Carbon dioxide pipeline opponents have argued that rich investors would benefit from the projects, rather than the public. (Photo by Kathie Obradovich/Iowa Capital Dispatch)
A request to compel the testimony of Bruce Rastetter, an influential agriculture executive, during Summit Carbon Solution’s permit hearing in Iowa is merely an attempt to “create an irrelevant sideshow,” Rastetter and his company, Summit Agricultural Group, allege.
Some opponents of Summit Carbon’s proposed carbon dioxide pipeline seek Rastetter’s under-oath testimony for more information about the company’s relationship with Summit Agricultural Group, which he founded. Opponents also want to know who will profit from the project. Rastetter is also co-founder of Summit Carbon.
If the Iowa Utilities Board grants the subpoena request, it could open Rastetter to questions beyond the scope of the companies’ structures. Pipeline opponents have long alleged that Rastetter’s political influence and money have helped accelerate the pipeline project to approval in Iowa and have sought proof of it.
An attorney for Rastetter and Summit Agricultural Group argued Wednesday that Rastetter’s testimony is inappropriate because the two companies are separate entities and that one does not exert unilateral control over the other.
“While Mr. Rastetter is an investor in Summit Carbon Solutions, and serves on the board of Summit Carbon Solutions, Mr. Rastetter is only one of eight board members and does not have the ability to control the corporate strategy of Summit Carbon Solutions,” attorney Spencer Cady wrote.
Cady further argued that the 11th-hour request for Rastetter’s testimony violates state rules that generally require the requests at least a week before the start of an evidentiary hearing for a hazardous liquid pipeline permit.
“The parties had ample opportunity to obtain information, to the extent relevant, regarding any connection between Summit Carbon Solutions and Summit Ag during the discovery period and chose not to do so,” Cady wrote.
Summit Carbon’s hearing started Aug. 22. The subpoena motion was filed Sept. 7 by the daughter of a landowner affected by the project. The Sierra Club of Iowa and a group of state lawmakers have since joined that motion.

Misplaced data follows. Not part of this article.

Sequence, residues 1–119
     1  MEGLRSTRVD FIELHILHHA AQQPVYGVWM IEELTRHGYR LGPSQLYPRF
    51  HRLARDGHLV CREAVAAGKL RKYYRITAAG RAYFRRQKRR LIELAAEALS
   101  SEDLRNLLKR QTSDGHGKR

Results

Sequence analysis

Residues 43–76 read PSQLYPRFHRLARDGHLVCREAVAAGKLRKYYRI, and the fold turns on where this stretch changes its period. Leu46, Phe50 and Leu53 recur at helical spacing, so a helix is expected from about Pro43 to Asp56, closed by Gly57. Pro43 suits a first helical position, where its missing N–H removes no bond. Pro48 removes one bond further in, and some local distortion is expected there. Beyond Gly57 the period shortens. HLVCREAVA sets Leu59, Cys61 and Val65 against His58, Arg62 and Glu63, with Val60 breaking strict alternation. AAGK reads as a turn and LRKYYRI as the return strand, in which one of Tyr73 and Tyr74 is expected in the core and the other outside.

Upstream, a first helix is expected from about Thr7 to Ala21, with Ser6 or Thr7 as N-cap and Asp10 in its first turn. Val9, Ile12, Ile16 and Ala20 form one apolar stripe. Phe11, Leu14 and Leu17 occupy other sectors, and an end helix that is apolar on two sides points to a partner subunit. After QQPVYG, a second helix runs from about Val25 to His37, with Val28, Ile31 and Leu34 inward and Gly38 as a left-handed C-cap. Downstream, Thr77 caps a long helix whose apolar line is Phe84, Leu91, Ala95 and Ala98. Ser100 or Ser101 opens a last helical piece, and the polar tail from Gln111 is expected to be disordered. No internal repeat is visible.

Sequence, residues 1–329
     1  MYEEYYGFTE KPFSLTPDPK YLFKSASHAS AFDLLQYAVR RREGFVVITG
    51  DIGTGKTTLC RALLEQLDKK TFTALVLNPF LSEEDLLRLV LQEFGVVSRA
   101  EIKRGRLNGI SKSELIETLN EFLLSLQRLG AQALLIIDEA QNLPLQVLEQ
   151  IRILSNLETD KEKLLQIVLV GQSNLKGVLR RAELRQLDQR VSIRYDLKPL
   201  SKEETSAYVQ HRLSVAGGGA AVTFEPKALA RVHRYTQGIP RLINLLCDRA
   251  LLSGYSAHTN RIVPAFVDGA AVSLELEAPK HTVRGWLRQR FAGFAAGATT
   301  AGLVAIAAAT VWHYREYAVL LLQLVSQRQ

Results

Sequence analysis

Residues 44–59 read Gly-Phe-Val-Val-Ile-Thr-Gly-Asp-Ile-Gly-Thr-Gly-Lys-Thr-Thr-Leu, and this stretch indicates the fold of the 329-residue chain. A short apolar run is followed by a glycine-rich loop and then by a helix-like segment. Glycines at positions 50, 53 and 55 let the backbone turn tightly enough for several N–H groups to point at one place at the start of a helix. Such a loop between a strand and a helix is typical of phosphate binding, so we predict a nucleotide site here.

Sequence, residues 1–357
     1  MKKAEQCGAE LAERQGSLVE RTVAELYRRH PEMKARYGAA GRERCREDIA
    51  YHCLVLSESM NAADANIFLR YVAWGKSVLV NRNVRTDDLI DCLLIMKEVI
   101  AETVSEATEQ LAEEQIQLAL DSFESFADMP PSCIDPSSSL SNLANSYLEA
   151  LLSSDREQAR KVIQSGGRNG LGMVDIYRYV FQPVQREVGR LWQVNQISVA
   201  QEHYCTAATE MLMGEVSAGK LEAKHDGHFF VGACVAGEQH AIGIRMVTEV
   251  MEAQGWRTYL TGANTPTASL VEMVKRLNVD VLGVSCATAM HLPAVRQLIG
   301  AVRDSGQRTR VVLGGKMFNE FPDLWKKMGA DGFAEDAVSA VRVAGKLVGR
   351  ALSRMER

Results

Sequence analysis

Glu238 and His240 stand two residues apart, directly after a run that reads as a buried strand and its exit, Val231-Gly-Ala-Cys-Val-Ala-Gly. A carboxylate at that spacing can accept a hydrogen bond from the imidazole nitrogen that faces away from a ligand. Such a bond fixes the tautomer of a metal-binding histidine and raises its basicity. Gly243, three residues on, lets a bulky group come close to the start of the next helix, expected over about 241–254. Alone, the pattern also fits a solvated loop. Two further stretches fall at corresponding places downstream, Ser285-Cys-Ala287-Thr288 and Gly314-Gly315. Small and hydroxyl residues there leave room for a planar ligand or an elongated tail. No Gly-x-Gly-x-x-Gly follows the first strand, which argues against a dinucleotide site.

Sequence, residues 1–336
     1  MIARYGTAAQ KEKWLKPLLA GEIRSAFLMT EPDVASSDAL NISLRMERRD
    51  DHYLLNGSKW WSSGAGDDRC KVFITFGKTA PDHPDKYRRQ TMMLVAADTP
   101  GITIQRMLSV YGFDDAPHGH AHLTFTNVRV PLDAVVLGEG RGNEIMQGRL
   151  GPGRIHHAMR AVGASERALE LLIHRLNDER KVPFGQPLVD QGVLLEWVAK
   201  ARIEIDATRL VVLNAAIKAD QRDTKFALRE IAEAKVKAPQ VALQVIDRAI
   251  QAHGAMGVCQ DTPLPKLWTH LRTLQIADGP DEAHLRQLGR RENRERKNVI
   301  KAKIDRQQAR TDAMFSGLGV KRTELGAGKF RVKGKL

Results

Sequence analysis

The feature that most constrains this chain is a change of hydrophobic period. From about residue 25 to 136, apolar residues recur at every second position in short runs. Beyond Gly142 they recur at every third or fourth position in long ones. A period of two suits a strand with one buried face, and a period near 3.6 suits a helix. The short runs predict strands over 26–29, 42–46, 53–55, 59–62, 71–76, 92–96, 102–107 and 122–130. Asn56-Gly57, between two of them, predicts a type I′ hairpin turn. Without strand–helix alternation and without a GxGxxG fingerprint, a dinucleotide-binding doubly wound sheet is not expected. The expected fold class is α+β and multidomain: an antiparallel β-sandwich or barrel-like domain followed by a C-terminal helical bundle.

They have questioned whether Summit Agricultural Group’s investments abroad might adversely affect Iowa-produced ethanol and want more information about who will profit from the pipeline.
“Even if this pipeline proposal were free of disputes on due process and allegations of the appearance of impropriety, the potential risks to public safety involved in this proposal would merit careful public scrutiny of the pipeline’s ownership,” wrote Rep. Charley Thomson, R-Charles City, on behalf of the Republican Legislative Intervenors for Justice.
Summit Agricultural Group is an important investor in Summit Carbon. When a South Korean energy company announced in May 2022 that it would acquire a 10% stake in Summit Carbon, it said it was part of a “dream team with U.S. companies that are the leaders in their industries such as Summit Agricultural Group” and others.
A Summit Carbon spokesperson said they did not know what percentage stake Summit Agricultural has in the company.
Summit Agricultural Group “developed the concept for the project,” according to testimony last week from James Powell, chief operating officer of Summit Carbon. He also agreed with a statement that Summit Carbon was “borne out” of Summit Agricultural Group.
It’s unclear when the IUB will decide the subpoena request.
Summit’s hearing is in its fourth week. The IUB indicated it wants the hearing to conclude by the end of the month, but there are a large number of witnesses who might yet testify.
Summit proposes a five-state pipeline system that would transport captured carbon dioxide from ethanol plants to North Dakota for underground sequestration. North and South Dakota have rejected the company’s initial permit requests.
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